From: Matt Chu (email@example.com)
Date: Wed Oct 01 2008 - 19:55:11 CDT
For a Java internationalization project I've been looking into the Unicode
standard and the ICU4J library, and I'm confused about a few things.
Hopefully somebody on this list can help me with one or two of the questions
1) I want to standardize on a normalization form, but this sentence in Annex
15 (Unicode Normalization Forms) gave me pause:
"Normalization Forms KC and KD must not be blindly applied to arbitrary
text. Because they erase many formatting distinctions, they will prevent
round-trip conversion to and from many legacy character sets, and unless
supplanted by formatting markup, they may remove distinctions that are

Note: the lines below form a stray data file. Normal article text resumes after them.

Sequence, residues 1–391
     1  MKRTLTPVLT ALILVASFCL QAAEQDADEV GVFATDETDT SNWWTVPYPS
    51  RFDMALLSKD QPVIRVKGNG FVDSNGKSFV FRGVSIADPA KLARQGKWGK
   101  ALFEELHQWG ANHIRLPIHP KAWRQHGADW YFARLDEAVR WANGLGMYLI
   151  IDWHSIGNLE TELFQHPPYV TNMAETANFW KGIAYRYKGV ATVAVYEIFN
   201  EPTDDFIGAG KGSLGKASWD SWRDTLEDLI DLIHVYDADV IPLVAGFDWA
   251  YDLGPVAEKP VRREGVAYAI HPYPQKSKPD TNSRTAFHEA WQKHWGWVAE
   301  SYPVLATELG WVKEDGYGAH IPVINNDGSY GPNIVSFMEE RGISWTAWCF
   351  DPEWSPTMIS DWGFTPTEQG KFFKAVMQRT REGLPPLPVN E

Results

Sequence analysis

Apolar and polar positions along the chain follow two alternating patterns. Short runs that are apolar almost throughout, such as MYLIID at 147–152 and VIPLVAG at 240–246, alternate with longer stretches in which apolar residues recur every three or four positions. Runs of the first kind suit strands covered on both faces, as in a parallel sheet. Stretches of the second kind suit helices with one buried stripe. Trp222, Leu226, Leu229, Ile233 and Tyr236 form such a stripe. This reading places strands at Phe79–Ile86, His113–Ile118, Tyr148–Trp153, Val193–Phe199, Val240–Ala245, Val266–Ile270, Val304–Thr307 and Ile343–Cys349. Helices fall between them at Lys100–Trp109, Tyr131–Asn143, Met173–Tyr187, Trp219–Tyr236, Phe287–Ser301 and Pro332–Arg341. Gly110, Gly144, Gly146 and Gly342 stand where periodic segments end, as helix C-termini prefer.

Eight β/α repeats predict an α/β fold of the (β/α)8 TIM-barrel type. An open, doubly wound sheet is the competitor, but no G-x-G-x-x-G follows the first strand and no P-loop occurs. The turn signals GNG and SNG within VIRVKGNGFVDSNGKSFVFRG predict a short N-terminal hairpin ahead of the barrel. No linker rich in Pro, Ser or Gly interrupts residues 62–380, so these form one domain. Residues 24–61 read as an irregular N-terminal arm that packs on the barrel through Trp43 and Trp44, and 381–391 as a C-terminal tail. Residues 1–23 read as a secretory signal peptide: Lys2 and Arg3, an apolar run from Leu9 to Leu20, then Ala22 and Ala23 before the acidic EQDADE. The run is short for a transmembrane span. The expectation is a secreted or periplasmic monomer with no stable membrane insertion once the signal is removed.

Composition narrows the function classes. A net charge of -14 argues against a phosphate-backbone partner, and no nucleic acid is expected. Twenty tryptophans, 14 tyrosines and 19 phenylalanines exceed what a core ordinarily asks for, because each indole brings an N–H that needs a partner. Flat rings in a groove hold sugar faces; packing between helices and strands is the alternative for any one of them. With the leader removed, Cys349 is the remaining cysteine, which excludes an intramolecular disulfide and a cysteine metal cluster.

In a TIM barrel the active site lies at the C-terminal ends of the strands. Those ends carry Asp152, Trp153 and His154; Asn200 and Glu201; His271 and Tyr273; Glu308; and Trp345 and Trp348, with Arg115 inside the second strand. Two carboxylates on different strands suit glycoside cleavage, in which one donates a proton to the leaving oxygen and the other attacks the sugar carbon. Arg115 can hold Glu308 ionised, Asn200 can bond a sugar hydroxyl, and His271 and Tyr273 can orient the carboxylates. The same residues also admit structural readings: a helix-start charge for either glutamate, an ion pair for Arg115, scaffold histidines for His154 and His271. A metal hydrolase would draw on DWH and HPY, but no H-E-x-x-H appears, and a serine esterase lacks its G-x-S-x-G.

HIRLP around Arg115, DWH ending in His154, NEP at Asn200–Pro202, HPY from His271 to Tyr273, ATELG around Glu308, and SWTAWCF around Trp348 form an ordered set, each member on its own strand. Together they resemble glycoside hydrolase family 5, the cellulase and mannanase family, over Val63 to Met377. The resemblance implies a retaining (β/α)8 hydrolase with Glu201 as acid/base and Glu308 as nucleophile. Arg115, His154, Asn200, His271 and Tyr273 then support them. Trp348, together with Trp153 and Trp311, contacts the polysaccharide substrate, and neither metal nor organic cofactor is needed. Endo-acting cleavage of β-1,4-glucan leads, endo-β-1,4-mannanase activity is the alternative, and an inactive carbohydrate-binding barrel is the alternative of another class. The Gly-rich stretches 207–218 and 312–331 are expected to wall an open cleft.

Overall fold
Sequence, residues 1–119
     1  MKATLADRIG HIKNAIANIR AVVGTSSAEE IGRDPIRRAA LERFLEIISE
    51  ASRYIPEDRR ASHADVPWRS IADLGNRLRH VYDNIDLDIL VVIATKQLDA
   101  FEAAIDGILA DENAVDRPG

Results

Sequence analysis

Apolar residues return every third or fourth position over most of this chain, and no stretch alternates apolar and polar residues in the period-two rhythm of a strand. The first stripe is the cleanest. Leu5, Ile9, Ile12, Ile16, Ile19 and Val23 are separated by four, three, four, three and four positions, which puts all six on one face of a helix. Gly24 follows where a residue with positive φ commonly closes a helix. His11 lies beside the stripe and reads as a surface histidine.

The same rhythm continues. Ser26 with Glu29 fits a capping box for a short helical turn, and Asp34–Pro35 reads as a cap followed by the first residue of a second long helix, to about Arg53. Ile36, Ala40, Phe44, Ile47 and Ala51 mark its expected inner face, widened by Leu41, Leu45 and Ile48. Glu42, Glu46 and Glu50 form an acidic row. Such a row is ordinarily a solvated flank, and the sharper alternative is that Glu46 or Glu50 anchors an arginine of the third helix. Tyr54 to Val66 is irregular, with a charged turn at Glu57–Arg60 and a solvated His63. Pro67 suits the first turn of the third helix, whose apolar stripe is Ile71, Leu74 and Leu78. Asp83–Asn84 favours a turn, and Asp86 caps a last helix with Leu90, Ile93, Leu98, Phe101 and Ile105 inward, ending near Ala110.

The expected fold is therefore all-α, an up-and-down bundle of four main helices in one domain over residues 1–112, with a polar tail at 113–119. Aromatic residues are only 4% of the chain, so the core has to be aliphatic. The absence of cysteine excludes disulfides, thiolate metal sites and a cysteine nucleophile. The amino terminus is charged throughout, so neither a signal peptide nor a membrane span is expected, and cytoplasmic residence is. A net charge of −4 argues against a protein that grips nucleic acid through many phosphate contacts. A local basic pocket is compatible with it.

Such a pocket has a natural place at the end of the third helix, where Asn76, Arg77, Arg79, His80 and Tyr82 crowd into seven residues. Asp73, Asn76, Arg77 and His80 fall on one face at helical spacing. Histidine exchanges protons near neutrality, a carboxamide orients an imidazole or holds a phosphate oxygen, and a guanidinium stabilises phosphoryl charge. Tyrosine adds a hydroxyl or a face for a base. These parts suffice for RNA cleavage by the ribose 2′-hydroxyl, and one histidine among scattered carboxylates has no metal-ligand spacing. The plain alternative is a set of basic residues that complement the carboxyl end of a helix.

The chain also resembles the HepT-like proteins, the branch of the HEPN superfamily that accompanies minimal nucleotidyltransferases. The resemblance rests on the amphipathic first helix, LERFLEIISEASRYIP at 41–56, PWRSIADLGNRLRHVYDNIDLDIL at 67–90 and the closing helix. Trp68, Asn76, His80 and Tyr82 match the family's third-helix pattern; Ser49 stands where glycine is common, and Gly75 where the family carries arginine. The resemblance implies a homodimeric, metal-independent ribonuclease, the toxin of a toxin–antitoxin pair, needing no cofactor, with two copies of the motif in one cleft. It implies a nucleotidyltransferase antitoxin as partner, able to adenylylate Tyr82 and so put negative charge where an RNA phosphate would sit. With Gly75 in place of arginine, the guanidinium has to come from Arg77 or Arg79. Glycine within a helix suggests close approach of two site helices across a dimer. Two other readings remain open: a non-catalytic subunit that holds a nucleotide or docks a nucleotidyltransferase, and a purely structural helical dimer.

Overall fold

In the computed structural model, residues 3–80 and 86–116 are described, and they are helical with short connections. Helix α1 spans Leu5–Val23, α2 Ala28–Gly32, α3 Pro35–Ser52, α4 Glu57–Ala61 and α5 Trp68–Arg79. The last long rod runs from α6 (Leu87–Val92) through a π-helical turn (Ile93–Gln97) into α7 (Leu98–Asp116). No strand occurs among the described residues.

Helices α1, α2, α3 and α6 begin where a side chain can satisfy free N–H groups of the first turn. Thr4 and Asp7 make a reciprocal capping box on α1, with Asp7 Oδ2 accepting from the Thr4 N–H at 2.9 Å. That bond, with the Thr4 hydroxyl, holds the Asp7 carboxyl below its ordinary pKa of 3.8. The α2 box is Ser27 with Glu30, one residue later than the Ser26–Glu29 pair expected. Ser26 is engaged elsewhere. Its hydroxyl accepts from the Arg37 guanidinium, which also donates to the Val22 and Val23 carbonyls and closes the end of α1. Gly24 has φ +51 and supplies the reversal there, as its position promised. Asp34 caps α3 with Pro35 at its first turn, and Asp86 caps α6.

important to the semantics of the text."
For example, suppose that I use NFKC on text that has both halfwidth "ｶ" and
fullwidth "カ". Thanks to NFKC, both are now converted to fullwidth "カ"
(let's say). When I want to convert back to a Japanese-specific encoding, we
no longer know which ones are halfwidth and which ones are fullwidth. The
question is, how big of a deal is this in real-world, normal usage?
2) Can string equivalence be both locale-agnostic and locale-sensitive? That
is, can two code points be equal in some language and not equal in another;
I am assuming some normalization form here. If this is possible, doesn't
that mean String.equals(...) should have a parameter for locale? Also,
doesn't this mean that all Collections should take a Collator as an
3) Does it make sense to have locale-agnostic case conversion? Currently I'm
using ICU4J's Transliterator.getInstance("Any-Lower") and
Transliterator.getInstance("Any-Upper"). Is this correct?
Thanks for any help you can provide!
This archive was generated by hypermail 2.1.5 : Wed Oct 01 2008 - 20:29:17 CDT